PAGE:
As both Chrome and Firefox approach their 100th release, what should be a reason to celebrate the developer could turn into a real problem.
It turns out that, much like the Y2K bug, three-digit numbers encoded in the User-Agents (UA) sections of the browser can cause problems with fewer websites, warns Bleeping Computer.
Mozilla launched an experiment last year to find out if version 100 will affect the site and has just released the results. This affected a small number of pages that could not analyze User-Agents string containing a three-digit number. Notable sites, which are still affected, are HBO Go, Bethesda and Yahoo.
Errors can include “browser not supported” message, pageview issues, parse errors, 403 error, and more.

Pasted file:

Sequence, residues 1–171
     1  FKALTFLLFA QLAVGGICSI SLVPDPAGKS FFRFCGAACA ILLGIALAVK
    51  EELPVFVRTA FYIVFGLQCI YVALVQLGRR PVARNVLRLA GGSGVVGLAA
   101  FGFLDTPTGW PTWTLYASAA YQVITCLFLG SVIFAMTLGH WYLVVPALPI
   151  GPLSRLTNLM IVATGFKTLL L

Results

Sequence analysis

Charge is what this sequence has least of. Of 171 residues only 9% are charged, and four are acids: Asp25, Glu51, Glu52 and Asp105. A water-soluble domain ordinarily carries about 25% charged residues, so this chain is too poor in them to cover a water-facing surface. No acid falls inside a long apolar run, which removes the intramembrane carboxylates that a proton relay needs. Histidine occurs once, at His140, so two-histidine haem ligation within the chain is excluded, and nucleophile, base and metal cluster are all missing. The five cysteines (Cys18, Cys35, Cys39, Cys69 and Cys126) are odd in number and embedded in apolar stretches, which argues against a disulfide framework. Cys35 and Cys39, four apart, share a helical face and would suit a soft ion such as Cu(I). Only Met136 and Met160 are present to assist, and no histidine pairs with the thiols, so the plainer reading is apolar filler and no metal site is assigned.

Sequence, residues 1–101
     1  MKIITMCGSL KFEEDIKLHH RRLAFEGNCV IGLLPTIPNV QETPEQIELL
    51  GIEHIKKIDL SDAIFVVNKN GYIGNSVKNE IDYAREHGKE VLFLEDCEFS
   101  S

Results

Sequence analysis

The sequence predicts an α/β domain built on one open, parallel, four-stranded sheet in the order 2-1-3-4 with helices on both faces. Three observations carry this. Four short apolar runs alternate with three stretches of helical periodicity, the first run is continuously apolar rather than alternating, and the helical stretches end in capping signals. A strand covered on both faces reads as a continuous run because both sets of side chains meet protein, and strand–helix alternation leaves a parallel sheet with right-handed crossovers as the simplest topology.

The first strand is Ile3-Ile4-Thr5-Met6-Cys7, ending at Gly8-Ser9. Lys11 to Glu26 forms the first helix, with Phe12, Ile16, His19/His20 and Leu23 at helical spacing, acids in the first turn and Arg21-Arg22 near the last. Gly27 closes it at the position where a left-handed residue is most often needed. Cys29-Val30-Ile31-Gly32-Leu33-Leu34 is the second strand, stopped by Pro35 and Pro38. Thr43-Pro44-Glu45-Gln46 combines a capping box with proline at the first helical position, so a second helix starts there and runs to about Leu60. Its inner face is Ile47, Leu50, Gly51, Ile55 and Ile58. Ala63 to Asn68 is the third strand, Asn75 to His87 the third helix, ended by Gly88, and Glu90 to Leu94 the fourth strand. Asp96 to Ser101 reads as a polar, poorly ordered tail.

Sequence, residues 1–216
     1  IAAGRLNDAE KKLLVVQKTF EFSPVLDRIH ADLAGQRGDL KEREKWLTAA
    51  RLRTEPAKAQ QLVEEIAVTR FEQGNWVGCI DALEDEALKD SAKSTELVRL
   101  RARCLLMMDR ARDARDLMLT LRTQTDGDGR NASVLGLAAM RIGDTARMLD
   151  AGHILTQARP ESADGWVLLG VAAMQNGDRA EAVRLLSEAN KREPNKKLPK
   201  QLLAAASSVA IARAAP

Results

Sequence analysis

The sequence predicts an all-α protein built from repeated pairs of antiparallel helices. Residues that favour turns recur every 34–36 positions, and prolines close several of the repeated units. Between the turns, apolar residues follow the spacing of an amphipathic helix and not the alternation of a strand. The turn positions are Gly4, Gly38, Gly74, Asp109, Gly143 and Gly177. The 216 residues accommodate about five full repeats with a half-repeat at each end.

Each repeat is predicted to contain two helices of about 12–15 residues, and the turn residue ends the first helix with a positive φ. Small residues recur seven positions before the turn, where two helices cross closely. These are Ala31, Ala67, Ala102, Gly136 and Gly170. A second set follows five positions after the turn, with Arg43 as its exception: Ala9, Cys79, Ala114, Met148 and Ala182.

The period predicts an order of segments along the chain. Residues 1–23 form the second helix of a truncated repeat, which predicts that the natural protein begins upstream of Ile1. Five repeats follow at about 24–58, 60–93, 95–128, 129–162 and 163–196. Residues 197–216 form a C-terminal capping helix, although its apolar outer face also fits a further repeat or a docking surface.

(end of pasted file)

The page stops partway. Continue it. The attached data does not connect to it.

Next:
How could this happen? “Without a single specification to follow, different browsers have different formats for User-Agent arrays and location-specific User-Agent parsing,” Mozilla explains on its blog.
“It is possible that some parsing libraries may have firmly coded assumptions or errors that do not take into account the three-digit numbers of major versions of the program,” he said.
Fortunately, developers have a plan for both search engines. If there are issues with sites that cannot be resolved before the versions are released, both browsers will freeze the version numbers to 99 in the User-Agents arrays or enter code substitutions to resolve the issues.
Both browsers also asked developers to test their sites with Firefox / Chrome 100 User-Agents. Browsers should arrive on March 29 (Chrome) and May 3 (Firefox).